June 26, 2020
It’s no secret house sound engineers fight with guitarists about the volume of amps on stage, especially in small venues. It may even be a bit of a cliché to mention it. “Turn it down!” often becomes “I’ll turn it down for you!” and “I need it louder!” turns into “I’ll just sneak over here and turn this up…”
Whichever side you fall on, it turns out both sides have valid concerns, and everybody just wants to achieve the best sound possible. So, let’s look at how and why you might achieve a good balance with house sound, while still achieving the great tone you’re after.
Here’s the crux of the situation on a stage, especially where a loud rock band and a small venue are concerned: Everyone has a need to hear themselves (and each other), but no one can!
This actually usually starts with the drums, which are almost always too loud for a room. We’ll tackle how to start at the bottom with this problem in another article, but suffice it to say, if you can tame your kit, the sound engineer/guitar feud will be easier to manage.
Focusing on the guitars, the major problem the sound engineer faces is guitars tend to overwhelm vocals, keys, and other similar elements very quickly. Since the P.A. is the only amplification these elements have, if the guitar amps defeat that, there’s no way to hear anything else in the room.
The best way to handle that from a purely house audio standpoint is to eliminate the guitar amps, and put the guitars directly into the P.A. This means everyone on stage can get what they need in their monitors, and the house mix can be controlled.
Unfortunately, that can all but ruin the tone many guitarists seek, and that can destroy a band’s signature sound.
To make matters harder, most guitarists achieve their tone by “opening up” the tubes in their amps – by turning them up to eleven. In this scenario, when the engineer asks you to turn your amp down, it means changing the tone.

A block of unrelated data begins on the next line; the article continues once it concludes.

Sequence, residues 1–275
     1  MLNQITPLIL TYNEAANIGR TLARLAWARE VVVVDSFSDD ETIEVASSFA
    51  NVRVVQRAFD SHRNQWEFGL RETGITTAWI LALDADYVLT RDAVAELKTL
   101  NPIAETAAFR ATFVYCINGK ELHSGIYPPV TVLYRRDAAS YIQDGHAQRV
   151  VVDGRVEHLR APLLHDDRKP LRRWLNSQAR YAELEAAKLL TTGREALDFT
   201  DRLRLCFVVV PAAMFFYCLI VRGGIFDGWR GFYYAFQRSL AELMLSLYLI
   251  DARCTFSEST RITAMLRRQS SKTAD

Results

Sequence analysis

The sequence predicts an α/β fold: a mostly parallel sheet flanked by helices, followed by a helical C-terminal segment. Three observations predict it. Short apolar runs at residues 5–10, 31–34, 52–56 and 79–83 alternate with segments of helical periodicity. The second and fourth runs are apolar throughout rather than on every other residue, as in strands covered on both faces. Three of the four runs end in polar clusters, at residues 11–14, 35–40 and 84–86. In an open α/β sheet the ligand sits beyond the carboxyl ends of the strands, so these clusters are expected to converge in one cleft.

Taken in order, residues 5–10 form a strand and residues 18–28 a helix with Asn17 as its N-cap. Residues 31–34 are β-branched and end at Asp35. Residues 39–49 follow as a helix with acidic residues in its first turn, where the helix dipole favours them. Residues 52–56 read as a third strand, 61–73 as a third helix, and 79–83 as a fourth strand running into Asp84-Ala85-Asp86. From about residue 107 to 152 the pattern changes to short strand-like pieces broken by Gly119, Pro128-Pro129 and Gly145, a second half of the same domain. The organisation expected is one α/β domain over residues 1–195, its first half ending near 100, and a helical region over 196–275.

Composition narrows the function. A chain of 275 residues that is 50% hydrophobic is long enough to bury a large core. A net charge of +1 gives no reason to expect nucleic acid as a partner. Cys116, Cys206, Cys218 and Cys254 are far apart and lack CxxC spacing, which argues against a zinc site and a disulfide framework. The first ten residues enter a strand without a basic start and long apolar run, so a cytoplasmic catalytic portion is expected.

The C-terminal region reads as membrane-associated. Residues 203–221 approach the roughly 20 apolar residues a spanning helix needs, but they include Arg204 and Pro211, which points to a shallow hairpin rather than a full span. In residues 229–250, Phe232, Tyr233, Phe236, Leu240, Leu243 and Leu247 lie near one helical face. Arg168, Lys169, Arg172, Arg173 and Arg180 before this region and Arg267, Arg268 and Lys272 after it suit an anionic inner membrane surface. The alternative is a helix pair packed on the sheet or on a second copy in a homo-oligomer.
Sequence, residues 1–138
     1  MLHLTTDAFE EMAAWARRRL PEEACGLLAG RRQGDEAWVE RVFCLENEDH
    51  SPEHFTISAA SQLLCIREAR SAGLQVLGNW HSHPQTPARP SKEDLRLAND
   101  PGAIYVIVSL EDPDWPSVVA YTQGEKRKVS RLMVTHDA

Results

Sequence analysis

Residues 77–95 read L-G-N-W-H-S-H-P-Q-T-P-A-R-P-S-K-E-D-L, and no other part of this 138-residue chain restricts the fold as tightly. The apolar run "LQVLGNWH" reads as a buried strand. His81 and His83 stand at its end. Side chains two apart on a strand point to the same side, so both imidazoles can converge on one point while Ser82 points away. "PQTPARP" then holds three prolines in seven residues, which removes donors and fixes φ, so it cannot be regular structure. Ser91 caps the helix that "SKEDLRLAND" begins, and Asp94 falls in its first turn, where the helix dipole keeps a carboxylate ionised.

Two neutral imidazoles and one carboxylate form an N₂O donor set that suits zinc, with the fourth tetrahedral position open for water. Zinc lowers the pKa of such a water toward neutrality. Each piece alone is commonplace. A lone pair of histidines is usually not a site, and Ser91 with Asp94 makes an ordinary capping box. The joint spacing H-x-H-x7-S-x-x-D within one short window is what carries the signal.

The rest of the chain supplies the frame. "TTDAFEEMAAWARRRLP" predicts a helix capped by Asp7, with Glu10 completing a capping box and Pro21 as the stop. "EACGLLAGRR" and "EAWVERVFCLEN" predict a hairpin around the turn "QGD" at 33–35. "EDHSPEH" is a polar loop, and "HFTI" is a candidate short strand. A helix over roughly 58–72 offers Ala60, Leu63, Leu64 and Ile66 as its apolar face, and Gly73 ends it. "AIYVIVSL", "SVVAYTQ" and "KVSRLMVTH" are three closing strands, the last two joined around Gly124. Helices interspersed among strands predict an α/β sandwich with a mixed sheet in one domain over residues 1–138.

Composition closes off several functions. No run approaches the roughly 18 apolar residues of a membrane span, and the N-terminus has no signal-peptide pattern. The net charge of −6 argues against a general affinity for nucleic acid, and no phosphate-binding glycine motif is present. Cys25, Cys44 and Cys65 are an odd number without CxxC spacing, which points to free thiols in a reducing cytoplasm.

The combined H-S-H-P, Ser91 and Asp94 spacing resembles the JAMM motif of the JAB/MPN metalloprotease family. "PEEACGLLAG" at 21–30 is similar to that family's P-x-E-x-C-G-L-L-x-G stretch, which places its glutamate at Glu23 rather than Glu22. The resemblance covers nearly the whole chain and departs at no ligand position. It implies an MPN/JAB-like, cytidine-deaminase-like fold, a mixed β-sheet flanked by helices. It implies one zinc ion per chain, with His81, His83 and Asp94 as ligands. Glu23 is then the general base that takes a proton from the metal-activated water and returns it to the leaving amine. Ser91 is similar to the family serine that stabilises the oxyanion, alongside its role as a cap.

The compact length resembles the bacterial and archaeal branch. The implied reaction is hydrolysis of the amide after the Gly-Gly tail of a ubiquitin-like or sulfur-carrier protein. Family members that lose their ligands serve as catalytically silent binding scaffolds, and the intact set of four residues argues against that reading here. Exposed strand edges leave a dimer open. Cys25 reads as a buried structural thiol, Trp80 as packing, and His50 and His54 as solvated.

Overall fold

But in almost every venue outside of a big stage, this volume level will fill the room, blast the audience’s ears, and make a good mix impossible to achieve. Even amps that are completely absent from the P.A. mix can be overwhelming in many cases, which means if you turn up to eleven, you’ve just defined your sound as “guitars only, with a guy lip syncing to nothing at the front of the stage.”
If that’s not enough reason of why you might want to consider lowering your stage volume, consider a few other factors:
So, what’s the solution? You may not want to hear this – but turn it down. Fortunately, there are a number of ways you can reduce your overall volume without ruining your tone.
The encouraging thing is, it’s more than possible to achieve a best-of-both worlds, opened up, high quality guitar sound on stage, while still leaving room for the rest of the band and the sound engineer to help you put your best foot forward. For more discussion on the subject, check out How To Improve Your Live Shows By Reducing Your Stage Volume on this blog.
June 17, 2021
When it comes to strapping in for a live show, it’s relatively straight forward to dial in an electric guitar. After all, there are no acoustic resonances to worry about, and the instrument is designed to be reinforced and loud.
Acoustic guitars, on the other hand, are subtle creatures which can be a little harder to tame on stage. Here, we’ll go over some basics for using an acoustic on stage, which should be helpful if you haven’t done it before or if you’re having a hard time dialing in a good sound.
May 11, 2021
May 07, 2021
Now that quality PA systems are common and creating a stereo image in a live setting isn’t hard at all, there are probably some keyboardists out there who aren’t even aware that such a thing as a keyboard amp exists. Yet, there was once a time when keyboards were mostly treated just like guitars, with a stage amp a necessary part of the keyboard rig.
The question is – is a keyboard amp still necessary?
Here are a few reasons you might want a keyboard amp – and some you may not.
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